What you see here is the UMX Companion, a phone for seniors offered by Public Mobile. I almost bought one last summer for my dear, elderly mother to try. I’d like to think that if I had, that if I’d given Public just one more monthly subscriber then they could have fended off Telus for just a little while longer.
But alas, it wasn’t meant to be.
If you didn’t know, the Companion has a killer spec sheet, for old people. There are three massive speed-dial buttons — one each for mom to reach my two brothers and I multiple times throughout the day. There’s a big-ass SOS button on the back, a flashlight and a sweet, sweet charging cradle included at no extra cost.
And monthly service, as all Public Mobile users know, is very affordable. The unlimited overseas long distance add-on would be perfect for my mother’s one remaining relative living somewhere in Europe. Right now she’s paying Bell fifty bucks a month for a dial tone, and up to that same amount for long distance from a third party.
So what kind of horrible son am I to not help her save money with her first-ever mobile phone?
The problem is batteries. My mother goes through them like Kleenex. Try to explain to her the concept of battery conditioning and you might as well be speaking Klingon — and she’s no Trekkie. Her landline is currently hooked up to a wireless base station with two remote handsets; the batteries on at least one of them need to be replaced every couple of months.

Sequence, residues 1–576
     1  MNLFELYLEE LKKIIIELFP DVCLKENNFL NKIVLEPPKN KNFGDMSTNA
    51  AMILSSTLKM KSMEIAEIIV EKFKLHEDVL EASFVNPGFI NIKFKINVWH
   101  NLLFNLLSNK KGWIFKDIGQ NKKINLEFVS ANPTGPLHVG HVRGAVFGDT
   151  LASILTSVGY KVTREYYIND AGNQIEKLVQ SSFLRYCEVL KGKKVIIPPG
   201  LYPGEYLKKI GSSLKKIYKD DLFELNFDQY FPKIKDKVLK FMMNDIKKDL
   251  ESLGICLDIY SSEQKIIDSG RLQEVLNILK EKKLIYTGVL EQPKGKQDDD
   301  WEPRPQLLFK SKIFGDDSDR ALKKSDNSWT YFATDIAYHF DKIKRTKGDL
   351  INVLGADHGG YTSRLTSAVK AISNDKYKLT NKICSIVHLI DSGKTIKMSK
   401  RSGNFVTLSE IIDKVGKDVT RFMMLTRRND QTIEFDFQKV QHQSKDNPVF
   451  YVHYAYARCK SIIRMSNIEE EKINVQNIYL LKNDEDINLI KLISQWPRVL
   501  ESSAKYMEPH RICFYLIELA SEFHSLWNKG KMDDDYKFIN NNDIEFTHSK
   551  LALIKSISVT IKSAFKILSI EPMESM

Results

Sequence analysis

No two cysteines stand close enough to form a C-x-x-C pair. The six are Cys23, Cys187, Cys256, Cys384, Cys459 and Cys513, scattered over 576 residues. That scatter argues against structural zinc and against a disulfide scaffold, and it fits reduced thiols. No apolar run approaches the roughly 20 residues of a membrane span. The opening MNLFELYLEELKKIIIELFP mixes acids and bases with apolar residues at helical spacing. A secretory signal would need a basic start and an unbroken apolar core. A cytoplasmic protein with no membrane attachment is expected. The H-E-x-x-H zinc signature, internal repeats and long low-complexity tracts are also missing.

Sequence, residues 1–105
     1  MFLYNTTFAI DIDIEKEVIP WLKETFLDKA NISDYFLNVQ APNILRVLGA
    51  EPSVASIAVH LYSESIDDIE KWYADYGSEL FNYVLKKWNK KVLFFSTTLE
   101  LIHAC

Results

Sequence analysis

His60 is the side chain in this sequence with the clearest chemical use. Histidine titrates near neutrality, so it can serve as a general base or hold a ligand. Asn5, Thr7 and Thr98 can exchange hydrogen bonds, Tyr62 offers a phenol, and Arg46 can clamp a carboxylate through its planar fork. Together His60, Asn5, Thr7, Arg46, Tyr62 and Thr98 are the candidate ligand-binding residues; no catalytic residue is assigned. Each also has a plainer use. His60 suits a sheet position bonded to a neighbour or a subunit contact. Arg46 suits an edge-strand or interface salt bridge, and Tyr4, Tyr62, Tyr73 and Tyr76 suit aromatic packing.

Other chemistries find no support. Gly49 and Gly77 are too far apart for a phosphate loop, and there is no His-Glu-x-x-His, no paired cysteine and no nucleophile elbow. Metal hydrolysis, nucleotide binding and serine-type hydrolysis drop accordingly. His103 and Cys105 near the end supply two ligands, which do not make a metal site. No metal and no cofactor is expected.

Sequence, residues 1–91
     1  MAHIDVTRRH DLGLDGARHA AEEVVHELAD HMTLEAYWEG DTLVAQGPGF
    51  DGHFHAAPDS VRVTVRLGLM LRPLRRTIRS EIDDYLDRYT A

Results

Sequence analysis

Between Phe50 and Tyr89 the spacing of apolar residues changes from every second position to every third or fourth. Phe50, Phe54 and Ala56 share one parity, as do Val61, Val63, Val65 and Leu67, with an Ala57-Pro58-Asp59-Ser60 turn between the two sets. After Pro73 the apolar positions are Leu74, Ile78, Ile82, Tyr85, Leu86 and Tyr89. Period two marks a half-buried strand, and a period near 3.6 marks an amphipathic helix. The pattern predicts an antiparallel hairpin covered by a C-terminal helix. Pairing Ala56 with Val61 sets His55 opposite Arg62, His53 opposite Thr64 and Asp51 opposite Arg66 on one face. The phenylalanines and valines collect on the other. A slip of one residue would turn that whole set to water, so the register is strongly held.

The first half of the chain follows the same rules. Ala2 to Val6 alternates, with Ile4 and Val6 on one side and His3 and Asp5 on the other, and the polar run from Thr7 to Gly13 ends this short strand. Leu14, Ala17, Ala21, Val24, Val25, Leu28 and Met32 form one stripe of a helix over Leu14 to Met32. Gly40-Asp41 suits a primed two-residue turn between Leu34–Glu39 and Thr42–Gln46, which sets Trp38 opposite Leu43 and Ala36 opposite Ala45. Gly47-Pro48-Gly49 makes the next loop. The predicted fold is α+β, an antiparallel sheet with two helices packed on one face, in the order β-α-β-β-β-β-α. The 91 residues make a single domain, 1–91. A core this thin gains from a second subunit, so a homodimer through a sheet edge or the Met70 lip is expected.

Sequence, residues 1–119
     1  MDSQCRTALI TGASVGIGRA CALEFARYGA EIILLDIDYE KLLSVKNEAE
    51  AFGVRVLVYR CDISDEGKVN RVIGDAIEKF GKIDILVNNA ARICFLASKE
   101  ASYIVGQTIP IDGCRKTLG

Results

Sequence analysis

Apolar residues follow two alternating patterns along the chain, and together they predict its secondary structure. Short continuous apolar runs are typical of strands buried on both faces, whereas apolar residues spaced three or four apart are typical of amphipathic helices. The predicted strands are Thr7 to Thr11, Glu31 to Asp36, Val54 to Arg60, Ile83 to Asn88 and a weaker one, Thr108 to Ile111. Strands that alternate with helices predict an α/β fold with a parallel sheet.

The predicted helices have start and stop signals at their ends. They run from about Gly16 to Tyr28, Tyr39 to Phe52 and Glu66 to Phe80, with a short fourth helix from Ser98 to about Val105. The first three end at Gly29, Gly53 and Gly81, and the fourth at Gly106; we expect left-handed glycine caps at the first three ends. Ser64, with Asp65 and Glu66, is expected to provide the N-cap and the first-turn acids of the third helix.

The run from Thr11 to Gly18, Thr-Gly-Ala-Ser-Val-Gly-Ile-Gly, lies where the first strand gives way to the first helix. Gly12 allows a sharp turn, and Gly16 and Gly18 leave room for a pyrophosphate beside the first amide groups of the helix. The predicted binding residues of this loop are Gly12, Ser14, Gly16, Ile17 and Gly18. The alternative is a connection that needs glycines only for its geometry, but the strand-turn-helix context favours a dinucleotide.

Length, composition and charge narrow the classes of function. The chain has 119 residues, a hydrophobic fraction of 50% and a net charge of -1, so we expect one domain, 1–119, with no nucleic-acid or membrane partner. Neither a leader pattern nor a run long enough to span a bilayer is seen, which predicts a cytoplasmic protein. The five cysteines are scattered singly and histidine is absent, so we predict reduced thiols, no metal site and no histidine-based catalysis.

Public Mobile’s Companion phone does have a user-replaceable battery, but for some inexplicable reason you can’t buy replacements from Public Mobile. I reached out to Unimax Communications for assistance; here’s the reply that was emailed back:
yes, you can mail us a check for the battery and then we can ship one to you, i would need an address to check the shipping costs for you.
This didn’t fill me with a tremendous amount of confidence, because (1) it was sent from a Gmail address, (2) you know, capital letters at the beginnings of sentences and stuff… (3) who uses personal cheques anymore?
So with that, any hopes of bringing late 20th century technology to dear old mum were dashed, along with that one new activation that could have saved Public Mobile.
Or not. Probably not.